One of the biggest assets most divorcing couples have is their home -- and it's also often the most problematic issue to settle.
How do you divvy up the house in a divorce?
What you ultimately can do depends a lot on how much equity you have in the home and your personal desires.
If you have little equity, selling the home might be difficult to do unless the real estate market in your area is really hot. If you have any equity at all, it will probably go for realtor's fees, but that will at least get you out of the joint obligation.
Your other choices, if you're low on equity, include:
-- Cohabitation might work, if you're on good terms with your ex, you both have good boundaries and you can agree to make it work until you can afford to sell.
-- Renting it out, which should at least cover the mortgage and maybe provide a little extra income you can both split.
-- Allowing one spouse to remain in the property and refinance it out of the other spouse's name (if that's financially possible for either spouse).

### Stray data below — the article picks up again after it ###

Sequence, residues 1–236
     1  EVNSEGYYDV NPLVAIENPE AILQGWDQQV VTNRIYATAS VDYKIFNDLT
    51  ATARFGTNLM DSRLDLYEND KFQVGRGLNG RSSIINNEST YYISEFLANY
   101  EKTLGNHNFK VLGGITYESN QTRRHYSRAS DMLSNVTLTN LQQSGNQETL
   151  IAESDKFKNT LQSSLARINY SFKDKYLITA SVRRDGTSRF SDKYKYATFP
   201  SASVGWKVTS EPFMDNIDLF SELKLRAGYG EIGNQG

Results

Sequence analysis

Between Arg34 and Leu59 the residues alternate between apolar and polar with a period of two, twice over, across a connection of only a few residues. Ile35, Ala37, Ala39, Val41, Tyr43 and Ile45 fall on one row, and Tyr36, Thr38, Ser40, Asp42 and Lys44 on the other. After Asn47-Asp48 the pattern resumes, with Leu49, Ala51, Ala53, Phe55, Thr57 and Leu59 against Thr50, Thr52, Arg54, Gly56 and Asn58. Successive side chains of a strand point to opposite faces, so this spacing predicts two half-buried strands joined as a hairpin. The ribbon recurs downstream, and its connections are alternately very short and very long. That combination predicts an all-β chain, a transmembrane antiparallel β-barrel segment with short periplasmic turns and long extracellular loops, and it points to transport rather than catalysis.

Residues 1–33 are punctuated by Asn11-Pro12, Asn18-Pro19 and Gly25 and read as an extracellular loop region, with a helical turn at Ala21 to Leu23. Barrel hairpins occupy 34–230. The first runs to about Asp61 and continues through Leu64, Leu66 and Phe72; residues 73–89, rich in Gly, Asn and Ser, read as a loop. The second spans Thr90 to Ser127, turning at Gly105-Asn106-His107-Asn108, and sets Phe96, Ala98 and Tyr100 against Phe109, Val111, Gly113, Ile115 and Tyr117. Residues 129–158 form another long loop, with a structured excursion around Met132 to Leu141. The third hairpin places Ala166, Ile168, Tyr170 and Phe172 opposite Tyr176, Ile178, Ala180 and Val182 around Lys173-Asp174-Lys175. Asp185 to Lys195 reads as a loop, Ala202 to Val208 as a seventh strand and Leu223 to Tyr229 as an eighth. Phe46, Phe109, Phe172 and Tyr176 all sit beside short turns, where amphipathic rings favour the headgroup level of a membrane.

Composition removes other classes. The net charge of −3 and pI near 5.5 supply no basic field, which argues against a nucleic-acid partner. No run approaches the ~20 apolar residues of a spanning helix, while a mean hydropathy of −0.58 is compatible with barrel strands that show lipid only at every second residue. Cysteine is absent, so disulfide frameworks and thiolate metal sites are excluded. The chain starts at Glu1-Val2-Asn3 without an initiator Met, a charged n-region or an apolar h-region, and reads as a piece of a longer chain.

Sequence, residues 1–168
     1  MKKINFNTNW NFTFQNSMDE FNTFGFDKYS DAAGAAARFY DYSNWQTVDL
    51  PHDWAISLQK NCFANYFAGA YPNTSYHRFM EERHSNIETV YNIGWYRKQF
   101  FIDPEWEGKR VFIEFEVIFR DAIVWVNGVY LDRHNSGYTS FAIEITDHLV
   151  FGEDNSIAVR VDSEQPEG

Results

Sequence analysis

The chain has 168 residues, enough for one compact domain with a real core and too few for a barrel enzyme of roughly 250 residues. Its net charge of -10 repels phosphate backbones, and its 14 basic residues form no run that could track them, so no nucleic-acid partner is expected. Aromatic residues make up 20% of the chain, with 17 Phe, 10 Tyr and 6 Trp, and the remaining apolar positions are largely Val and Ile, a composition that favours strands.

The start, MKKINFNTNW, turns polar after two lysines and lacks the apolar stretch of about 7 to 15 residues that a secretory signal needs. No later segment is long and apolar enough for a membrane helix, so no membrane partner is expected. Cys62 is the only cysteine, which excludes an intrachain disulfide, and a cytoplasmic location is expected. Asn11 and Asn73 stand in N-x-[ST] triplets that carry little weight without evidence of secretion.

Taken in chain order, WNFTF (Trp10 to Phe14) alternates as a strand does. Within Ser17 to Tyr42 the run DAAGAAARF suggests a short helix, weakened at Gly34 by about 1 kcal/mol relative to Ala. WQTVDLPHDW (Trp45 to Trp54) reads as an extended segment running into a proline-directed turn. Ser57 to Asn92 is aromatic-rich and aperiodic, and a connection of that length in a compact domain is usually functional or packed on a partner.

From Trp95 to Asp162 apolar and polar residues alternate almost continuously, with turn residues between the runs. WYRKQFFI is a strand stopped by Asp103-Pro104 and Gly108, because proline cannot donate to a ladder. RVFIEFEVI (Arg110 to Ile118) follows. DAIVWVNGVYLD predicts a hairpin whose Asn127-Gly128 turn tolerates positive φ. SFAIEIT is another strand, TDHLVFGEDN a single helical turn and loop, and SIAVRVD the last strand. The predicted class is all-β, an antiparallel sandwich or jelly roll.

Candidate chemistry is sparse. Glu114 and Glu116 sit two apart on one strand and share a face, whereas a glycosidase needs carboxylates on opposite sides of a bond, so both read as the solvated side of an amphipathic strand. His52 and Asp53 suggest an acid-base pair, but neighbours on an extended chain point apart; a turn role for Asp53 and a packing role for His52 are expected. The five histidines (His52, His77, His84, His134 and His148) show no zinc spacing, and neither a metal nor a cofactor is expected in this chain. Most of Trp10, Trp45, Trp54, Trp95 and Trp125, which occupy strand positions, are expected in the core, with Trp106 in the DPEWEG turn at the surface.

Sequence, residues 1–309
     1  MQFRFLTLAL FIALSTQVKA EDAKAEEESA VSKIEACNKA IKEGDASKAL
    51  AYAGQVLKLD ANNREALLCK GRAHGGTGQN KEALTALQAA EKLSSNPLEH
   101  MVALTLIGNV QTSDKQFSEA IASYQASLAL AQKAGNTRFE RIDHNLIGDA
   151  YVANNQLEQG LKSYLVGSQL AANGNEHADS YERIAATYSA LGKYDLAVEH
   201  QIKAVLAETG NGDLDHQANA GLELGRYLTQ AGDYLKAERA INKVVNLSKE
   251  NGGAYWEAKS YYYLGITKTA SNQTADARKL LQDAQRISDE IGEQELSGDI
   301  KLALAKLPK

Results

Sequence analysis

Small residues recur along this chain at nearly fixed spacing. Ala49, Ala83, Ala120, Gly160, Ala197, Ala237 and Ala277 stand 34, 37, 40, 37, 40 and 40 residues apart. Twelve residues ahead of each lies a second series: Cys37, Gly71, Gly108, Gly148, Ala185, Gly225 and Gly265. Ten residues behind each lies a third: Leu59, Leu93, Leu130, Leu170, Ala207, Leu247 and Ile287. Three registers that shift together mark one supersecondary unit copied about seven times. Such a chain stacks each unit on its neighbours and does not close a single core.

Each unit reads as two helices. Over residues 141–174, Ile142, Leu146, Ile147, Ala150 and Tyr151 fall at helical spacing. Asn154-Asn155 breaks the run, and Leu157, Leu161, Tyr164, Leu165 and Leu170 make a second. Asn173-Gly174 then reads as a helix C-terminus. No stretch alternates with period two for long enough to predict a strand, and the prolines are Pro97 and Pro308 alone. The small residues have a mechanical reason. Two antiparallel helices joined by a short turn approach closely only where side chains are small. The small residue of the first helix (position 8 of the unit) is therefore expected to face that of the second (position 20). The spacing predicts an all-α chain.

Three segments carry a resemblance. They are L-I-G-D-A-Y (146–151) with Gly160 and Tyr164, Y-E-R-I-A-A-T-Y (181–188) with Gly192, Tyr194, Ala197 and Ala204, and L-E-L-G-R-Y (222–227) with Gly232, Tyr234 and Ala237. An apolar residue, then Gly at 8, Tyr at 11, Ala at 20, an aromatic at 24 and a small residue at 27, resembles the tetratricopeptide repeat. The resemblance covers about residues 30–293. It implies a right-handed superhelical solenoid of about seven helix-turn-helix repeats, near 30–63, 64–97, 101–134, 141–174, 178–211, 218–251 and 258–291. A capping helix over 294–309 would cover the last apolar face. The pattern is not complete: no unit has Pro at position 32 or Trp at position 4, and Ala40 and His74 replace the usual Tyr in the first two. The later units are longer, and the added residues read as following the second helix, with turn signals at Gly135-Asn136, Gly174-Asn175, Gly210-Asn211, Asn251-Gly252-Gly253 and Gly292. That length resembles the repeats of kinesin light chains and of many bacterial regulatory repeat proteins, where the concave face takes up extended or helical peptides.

If you are upside-down financially with the house, owing more than it's worth, you can still make use of the other options or do something a little more drastic:
-- You can quitclaim the property to the spouse who can afford to keep the mortgage current, forgoing the right to any equity that's built afterward. That still leaves you on the hook if your ex stops paying the mortgage, so this requires a leap of faith that they'll live up to the bargain. Include an agreement about how long they have to refinance and get your name off the property or sell.
-- You can sell the property at a loss. This is known as a short sale. Keep in mind that you and your spouse will still remain liable for the remainder of the mortgage and will have to absorb the loss out of your own pockets.
While definitely not financially advantageous, they're viable options if you absolutely want to be done with the place (and your ex) as soon as possible, no matter what the financial cost.
For more specific advice on how to handle marital property division, an attorney can help.
Source: Legal Reader, "What Happens to Your Mortgage Liability during Divorce," Jess Walter, March 24, 2017